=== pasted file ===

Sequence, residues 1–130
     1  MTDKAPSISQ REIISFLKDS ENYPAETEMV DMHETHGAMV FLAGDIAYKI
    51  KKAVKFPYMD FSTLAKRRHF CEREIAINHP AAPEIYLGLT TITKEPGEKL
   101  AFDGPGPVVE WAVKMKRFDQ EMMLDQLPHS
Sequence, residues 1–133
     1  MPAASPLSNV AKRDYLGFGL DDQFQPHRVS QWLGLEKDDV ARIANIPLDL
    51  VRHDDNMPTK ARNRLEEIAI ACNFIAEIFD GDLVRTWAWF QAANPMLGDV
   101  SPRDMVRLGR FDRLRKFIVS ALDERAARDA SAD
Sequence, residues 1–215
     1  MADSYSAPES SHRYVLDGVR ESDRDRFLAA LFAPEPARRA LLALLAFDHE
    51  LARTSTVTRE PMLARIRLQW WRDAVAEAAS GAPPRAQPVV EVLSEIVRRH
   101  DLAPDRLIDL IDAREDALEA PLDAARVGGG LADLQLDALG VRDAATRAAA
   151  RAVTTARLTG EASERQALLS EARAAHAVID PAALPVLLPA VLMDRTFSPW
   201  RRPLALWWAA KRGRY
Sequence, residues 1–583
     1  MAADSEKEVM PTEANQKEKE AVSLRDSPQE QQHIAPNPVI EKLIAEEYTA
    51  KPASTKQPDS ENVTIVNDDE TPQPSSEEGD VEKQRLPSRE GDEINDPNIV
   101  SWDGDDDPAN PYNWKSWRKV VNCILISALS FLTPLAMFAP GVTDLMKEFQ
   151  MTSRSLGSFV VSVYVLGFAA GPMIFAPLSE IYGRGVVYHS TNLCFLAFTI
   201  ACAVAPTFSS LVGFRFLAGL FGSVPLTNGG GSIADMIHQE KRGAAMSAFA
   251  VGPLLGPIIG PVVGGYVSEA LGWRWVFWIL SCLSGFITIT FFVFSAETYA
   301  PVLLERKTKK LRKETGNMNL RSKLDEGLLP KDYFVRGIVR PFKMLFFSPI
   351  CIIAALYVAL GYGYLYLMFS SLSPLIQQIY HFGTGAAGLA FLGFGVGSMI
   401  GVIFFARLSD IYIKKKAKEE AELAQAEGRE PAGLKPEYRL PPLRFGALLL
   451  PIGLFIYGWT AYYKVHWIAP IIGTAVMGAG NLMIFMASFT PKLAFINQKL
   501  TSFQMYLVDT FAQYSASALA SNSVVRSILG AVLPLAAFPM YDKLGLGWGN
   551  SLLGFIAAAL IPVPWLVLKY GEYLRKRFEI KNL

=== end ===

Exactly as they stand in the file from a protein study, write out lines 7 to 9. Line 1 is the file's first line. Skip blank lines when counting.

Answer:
    51  VRHDDNMPTK ARNRLEEIAI ACNFIAEIFD GDLVRTWAWF QAANPMLGDV
   101  SPRDMVRLGR FDRLRKFIVS ALDERAARDA SAD
Sequence, residues 1–215